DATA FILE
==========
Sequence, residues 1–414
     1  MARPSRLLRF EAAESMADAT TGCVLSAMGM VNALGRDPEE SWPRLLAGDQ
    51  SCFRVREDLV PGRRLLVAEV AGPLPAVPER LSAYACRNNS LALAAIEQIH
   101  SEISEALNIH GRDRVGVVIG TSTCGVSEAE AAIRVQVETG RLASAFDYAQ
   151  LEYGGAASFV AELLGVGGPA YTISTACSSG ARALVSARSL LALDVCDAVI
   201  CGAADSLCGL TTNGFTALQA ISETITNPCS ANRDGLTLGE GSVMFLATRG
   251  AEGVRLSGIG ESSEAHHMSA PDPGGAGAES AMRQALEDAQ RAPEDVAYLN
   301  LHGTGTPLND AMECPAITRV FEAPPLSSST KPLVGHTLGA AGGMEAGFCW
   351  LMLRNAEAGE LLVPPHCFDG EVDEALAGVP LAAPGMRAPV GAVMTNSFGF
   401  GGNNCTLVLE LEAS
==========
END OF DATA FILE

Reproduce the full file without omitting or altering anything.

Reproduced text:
Sequence, residues 1–414
     1  MARPSRLLRF EAAESMADAT TGCVLSAMGM VNALGRDPEE SWPRLLAGDQ
    51  SCFRVREDLV PGRRLLVAEV AGPLPAVPER LSAYACRNNS LALAAIEQIH
   101  SEISEALNIH GRDRVGVVIG TSTCGVSEAE AAIRVQVETG RLASAFDYAQ
   151  LEYGGAASFV AELLGVGGPA YTISTACSSG ARALVSARSL LALDVCDAVI
   201  CGAADSLCGL TTNGFTALQA ISETITNPCS ANRDGLTLGE GSVMFLATRG
   251  AEGVRLSGIG ESSEAHHMSA PDPGGAGAES AMRQALEDAQ RAPEDVAYLN
   301  LHGTGTPLND AMECPAITRV FEAPPLSSST KPLVGHTLGA AGGMEAGFCW
   351  LMLRNAEAGE LLVPPHCFDG EVDEALAGVP LAAPGMRAPV GAVMTNSFGF
   401  GGNNCTLVLE LEAS